Hello, my name is Ray, and I've never been a Macaholic.
Even though I ooh'd and ahh'd when I saw my first GUI-ee Macintosh in 1984, I was always focused on what was good for Bidness and went with a series of IBM machines and clones based on Microsoft's DOS and Windows platforms. These included hardware manfacturers better suited to phones (remember AT&T PC's? Didn't think so....) or air conditioners (yes, we still have an Emerson clone with a No-Namo Windows-ish graphical interface anchoring a boat in our cellar).
It wasn't until I acquired an iPhone, about four years ago, that I had any hands-on clue about Apple's cleaney-simpley timey-wimey self. On one occasion I needed to have mine diagnosed at the local Genius Bar, I couldn't even figure out how to use any of the dozens of laptops they have to play with while you wait. (Them mouse buttons and touchpad touches is goofy if you've been brought up on Windows-based ones.) But gradually, I've learned to love the touching, sliding, flipping of icons and screens and all that. I also marvel at just how tightly Apple ties its whole iVerse together, with phones and pads and pods and touches all going through the central control unit of the iTunes store. It is very good at providing Tested And Approved Apps, Factory Sealed for Your Protection, all functioning across all iPlatforms without having to worry about them. If they work on an iPhone, they work on an iPad. Relax. Big Jobs-ser is looking out for you.
After a couple of iYears, along came Android. It was open to development, to innovation. No iToll booth in the way of anything! So when the time came for us to select tablets, we went with Android-based ASUS Eeepads. None of the closed-wall limitations of iPads, nor the constant Bezothering of Kindles. We were free!** Terms and Conditions apply.
Here are some examples of those Terms and Conditions, which are suddenly making me long for the walled garden of Jobs more than I've ever longed.
We listen, more than to anything, to a Toronto-based jazz station known as Jazz.FM. It comes in on our indoor stereo, but when we eat outside, we have few options for pulling in an over-air signal. But for going on over a year, the station's had an iPhone app that provides, not only the broadcast material, but three separate streams of more specialized jazz products. We have an amplifier device which cranks out the sound from my phone, and which does it through a Bluetooth connection so no actual wiring is needed. Eleanor has also used the device to boom the sound from the Doubletwist cousin of iTunes on her Android tablet, and we waited for the day when hers, or mine, would have its own version of the Jazz.FM app in the
Google Play Store. At last, we heard, the day had come! The App was now available in Android! It took an email, a link to their website through Chrome, and finally a trip to the Play Store to secure the download, and,....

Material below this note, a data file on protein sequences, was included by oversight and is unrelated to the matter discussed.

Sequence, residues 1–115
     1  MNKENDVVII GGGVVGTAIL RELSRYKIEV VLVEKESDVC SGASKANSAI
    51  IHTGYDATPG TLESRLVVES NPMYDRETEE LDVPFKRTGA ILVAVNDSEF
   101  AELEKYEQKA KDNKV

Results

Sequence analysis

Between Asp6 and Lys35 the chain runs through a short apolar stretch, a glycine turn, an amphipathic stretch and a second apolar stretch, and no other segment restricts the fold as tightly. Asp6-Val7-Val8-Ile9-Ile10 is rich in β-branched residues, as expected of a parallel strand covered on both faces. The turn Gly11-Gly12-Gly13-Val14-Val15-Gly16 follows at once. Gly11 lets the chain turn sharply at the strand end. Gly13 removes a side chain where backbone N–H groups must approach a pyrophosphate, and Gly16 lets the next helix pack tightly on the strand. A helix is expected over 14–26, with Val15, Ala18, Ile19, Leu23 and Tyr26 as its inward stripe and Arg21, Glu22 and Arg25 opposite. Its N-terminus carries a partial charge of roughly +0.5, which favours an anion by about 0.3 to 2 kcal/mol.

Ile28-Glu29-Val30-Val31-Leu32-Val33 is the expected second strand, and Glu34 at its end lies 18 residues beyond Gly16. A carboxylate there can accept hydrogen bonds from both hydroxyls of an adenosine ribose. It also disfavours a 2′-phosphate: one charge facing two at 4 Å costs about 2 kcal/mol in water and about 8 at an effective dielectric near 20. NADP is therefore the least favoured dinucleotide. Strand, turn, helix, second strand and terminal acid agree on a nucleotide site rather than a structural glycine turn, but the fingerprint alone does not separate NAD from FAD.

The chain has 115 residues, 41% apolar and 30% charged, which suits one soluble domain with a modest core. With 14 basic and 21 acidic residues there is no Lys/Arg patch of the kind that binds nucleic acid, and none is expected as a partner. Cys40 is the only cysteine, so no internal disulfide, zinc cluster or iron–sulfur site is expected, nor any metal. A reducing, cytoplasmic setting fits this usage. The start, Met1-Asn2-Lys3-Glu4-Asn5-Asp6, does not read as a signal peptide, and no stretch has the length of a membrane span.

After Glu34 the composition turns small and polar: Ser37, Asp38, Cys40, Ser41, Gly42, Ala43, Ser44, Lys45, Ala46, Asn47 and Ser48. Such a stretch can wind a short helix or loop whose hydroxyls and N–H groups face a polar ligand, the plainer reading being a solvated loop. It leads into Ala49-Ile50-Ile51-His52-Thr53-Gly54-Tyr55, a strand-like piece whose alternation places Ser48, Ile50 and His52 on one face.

nothing was secured:( By "Android," they meant "smartphone based on Android technology." Tablets need not apply.
Along with listening, we also read. Since as long as we've been married, the New Yorker
has come into our home in print. As print media has transitioned to electronic, ol' E-Till has limped along with the changes. They first offered a CD tower of their entire back catalog if you cared to drop a couple grand on it; then they came up with a PC-based way to read an entire issue electronically (but in a way that defied copying and pasting of otherwise paywalled content). Tablets, schmablets
was their original motto, as this site didn't do well in the smaller format, but in time they offered an app in Appleland. My eyes couldn't take the text on an iPhone, so I waited for Android Day. And waited. And waited some more. At last it arrived!
And Google rested, and said it was not good:P
Downloading it to my tablet was a sheer joy #sarcasm. The Play Store link was elusive to find at all; once found, it hemmed and hawed and tried to get me to pay extra for it, unless I could prove us worthy by virtue of our actual subscriber status. Did our logins to the PC site work? Of course not. But there was
an alternative based on the subscriber codes on the actual front page of our paper magazine. That
worked- sort of. We were App-proved for download, but first I had to give it my credit card information- to cover the stated $0.00 cost per week of receiving each issue.
I do not like just giving out those 16 digits, especially the combinations tied to debit card accounts, which are essentially a license to steal with little recourse from your bank if you're the stealee. Fortunately, I had a card which expires next month, so I offered up that one- and got the app downloaded....
only to find that, compared to turning actual pages of the magazine, or reading a Kindle book, it rather sucks.
It loads slowly, turns pages clumsily, and requires a lot of mini- and -maxi-ing of icons to get through a section. Plus it fully duplicates all the print ads and makes it slow, if not impossible, to navigate around them. In short, it seems designed by someone determined to make you prefer to read in paper.
In time, most likely, I'll get over these e-quirks on the magazine site, and Jazz.fm will x.pand to Android tablets. Yet there are still some small-a apps that will never be electronically duplicated. As I reported on Facebook sometime this morning:The last vestige of Old Journalism: swatting a fly with a rolled-up newspaper. "Ha. Just try doing THAT with a Kindle."
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